Three family members head deep into the woods for a hunting trip that doubles as a distraction from their troubles at home. When all of their gear is stolen, they turn on each other, but soon realize there are much more treacherous forces at work.
Gothic horror and erotic farce face a shotgun wedding in "Preservation," an oddball Aussie pic which is part of a spurt of government funded hour-long features. Starring local thesp Jacqueline McKenzie as Daphne, a 19th century taxidermist.
Ken Russell's third Monitor documentary from 1962 is both a development from and inversion of the first, Lonely Shore. In that, an alien presence surveys a stretch of coastline strewn with assorted objects from early 1960s British lifestyles and tries (and mostly fails) to divine their meaning or purpose. The Preservation Man is also set in a series of object-strewn settings, but here they're part of the artist Bruce Lacey's collection of random junk, and their original function is irrelevant. Sensibly, Russell and commentator Huw Wheldon keep analysis to a minimum, preferring to use the film as an excuse to spend quarter of an hour in Lacey's amiable company.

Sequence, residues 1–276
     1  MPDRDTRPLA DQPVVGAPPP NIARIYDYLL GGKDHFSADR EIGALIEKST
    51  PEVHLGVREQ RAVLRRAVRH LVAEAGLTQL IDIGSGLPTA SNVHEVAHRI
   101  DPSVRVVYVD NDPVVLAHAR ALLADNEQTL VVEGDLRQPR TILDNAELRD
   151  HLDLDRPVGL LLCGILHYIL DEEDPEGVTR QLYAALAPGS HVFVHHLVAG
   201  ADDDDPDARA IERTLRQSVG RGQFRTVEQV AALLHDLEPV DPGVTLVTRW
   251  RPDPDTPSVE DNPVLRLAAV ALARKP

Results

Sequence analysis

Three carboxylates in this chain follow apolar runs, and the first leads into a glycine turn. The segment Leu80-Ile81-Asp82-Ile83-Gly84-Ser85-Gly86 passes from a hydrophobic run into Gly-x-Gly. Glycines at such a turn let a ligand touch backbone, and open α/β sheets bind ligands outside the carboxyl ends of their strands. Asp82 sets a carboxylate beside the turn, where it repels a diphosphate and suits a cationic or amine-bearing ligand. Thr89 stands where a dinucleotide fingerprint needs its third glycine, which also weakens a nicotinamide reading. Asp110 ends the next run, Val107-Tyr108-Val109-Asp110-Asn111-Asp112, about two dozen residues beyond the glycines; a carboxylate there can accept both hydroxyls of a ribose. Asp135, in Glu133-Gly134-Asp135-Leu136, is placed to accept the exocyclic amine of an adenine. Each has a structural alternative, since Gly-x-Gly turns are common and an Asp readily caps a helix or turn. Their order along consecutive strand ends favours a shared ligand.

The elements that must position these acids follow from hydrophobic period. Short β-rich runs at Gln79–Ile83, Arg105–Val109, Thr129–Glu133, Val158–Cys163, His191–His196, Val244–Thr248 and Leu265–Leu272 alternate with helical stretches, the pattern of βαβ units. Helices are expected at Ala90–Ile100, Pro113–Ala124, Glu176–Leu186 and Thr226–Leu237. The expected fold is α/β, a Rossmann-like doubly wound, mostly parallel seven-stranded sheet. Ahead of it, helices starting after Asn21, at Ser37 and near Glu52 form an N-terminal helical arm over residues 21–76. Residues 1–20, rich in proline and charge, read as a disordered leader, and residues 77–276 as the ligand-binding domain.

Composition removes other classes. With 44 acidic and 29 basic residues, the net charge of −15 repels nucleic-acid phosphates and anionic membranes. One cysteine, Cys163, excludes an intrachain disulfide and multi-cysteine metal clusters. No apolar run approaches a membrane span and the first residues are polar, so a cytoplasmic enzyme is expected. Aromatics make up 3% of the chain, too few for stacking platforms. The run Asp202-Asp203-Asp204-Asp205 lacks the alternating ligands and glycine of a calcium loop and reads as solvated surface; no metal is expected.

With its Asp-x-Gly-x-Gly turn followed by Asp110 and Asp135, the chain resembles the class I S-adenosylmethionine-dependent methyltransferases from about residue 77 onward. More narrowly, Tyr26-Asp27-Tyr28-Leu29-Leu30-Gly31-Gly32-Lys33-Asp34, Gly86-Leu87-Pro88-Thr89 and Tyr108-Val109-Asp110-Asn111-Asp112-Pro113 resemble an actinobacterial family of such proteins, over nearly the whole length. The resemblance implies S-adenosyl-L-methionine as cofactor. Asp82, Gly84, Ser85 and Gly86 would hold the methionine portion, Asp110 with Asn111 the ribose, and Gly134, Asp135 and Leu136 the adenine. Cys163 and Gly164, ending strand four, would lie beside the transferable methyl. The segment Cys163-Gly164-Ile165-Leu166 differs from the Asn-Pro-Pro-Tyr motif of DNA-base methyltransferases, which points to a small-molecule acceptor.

George Veditz, one-time president of the National Association of the Deaf of the United States, outlines the right of deaf people to sign instead of speak. The film is presented in American Sign Language and has no sub- or intertitles.
This rousing documentary shines a light on venerable New Orleans jazz ensemble the Preservation Hall Jazz Band, exploring both its multi-decade history and its kinetic 2010 collaboration and concert with indie rock revivalists My Morning Jacket.
A look into the lives of the Amish and how they live simply while forgoing many modern conveniences.